At this point, a steadily-approaching comet is still approximately 386 million miles from the Sun, reports CBS News. Although still quite far away at this juncture, come Aug. 2013, the comet will begin to become visible from Earth, and its close proximity to the Sun could cause a meteor shower predicted to be nothing short of dazzling.
According to NASA, the comet was discovered by Russian astronomers Vitali Nevski and Artyom Novichonok in Sept. 2012, and thus it has been named after the system used for its discovery: the International Scientific Optical Network (ISON).
Comet ISON is proposed to differ from other comets in that “instead of burning up in a flash of light, [the particles] will drift gently down to the Earth below," says University of Western Ontario meteor scientist Paul Wiegert. This could reportedly cause a light show brighter than a full moon.
Other scientists agree: "If Comet ISON splits, it might appear as a 'string of pearls' when viewed through a telescope,” Karl Battams of the Naval Research Lab tells NASA. “The orbit of the comet will bring it very close to the sun,” he says, “which we know can be a spectacular thing.”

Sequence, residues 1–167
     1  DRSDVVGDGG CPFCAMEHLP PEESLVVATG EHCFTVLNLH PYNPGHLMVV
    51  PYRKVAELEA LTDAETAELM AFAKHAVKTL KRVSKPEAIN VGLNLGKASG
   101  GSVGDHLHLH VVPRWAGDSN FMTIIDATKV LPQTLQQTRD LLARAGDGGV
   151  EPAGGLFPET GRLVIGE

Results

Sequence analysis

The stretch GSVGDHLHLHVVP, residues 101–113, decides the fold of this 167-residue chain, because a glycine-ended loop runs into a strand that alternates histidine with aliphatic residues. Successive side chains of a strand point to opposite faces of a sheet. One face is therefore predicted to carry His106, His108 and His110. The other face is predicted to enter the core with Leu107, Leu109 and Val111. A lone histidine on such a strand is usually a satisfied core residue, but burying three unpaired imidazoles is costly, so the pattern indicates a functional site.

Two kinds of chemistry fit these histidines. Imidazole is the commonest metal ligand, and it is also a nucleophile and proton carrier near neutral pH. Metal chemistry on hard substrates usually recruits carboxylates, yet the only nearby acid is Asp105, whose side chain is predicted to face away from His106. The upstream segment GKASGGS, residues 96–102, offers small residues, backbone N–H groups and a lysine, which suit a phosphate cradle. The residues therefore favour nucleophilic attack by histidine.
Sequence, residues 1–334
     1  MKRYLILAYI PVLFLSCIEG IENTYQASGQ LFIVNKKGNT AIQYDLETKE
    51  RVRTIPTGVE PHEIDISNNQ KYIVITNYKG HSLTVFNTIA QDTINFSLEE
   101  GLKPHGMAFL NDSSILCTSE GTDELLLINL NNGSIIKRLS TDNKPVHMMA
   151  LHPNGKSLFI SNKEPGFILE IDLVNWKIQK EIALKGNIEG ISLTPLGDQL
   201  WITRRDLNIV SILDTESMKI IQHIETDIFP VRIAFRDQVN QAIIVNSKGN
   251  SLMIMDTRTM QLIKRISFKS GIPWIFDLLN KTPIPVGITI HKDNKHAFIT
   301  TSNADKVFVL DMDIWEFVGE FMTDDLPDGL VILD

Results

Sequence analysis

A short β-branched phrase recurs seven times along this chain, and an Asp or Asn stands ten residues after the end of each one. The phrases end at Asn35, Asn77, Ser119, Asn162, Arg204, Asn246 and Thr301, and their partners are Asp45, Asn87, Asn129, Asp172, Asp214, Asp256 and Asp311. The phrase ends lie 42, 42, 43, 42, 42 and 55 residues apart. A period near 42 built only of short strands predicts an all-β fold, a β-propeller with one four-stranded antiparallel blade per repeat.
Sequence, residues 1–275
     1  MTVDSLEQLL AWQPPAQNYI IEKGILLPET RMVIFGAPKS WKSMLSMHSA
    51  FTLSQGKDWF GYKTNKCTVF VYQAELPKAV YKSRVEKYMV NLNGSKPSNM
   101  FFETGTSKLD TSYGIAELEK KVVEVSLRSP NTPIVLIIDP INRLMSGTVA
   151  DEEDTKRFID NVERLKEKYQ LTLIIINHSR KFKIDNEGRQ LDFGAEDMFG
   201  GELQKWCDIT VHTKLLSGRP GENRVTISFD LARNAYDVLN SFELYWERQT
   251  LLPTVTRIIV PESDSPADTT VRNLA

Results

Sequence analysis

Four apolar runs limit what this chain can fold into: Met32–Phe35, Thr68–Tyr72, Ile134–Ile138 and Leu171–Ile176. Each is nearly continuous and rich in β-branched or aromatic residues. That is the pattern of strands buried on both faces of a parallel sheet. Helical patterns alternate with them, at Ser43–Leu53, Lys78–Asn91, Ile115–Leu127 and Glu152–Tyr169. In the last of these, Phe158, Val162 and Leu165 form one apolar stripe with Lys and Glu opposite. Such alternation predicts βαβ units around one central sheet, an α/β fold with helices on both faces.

EarthSky.org has broken down the best times for viewing Comet ISON: from Aug. until Oct. 2013, it should just begin to become visible to the eye. Through November, they promise much easier sightings as the comet nears our Sun. “Although the comet will be bright,” the site reports, “you’ll need to look carefully to see it in the sun’s glare.”
Dec. 2013, however, will most likely be the best time to see Comet ISON, notes EarthSky.org. “For a time,” the site describes, “it should be as bright as our sky’s brightest planet, Venus, and it should have a long comet tail. People all over Earth will be able to see it.”
This is all considering, however, that the comet doesn’t burn up one it becomes close enough to the Sun.
“Having been in a cosmic deep freeze for countless thousands of years,” reports the Huffington Post, “ISON will suddenly be subjected to unbelievable heat. Perhaps the comet’s nucleus will shatter, as sometimes happens when you pour hot tea into a cold cup.”
Although there is a chance that the comet will prove lackluster to our eyes here on Earth, Comet ISON may indeed give viewers the light show of a lifetime.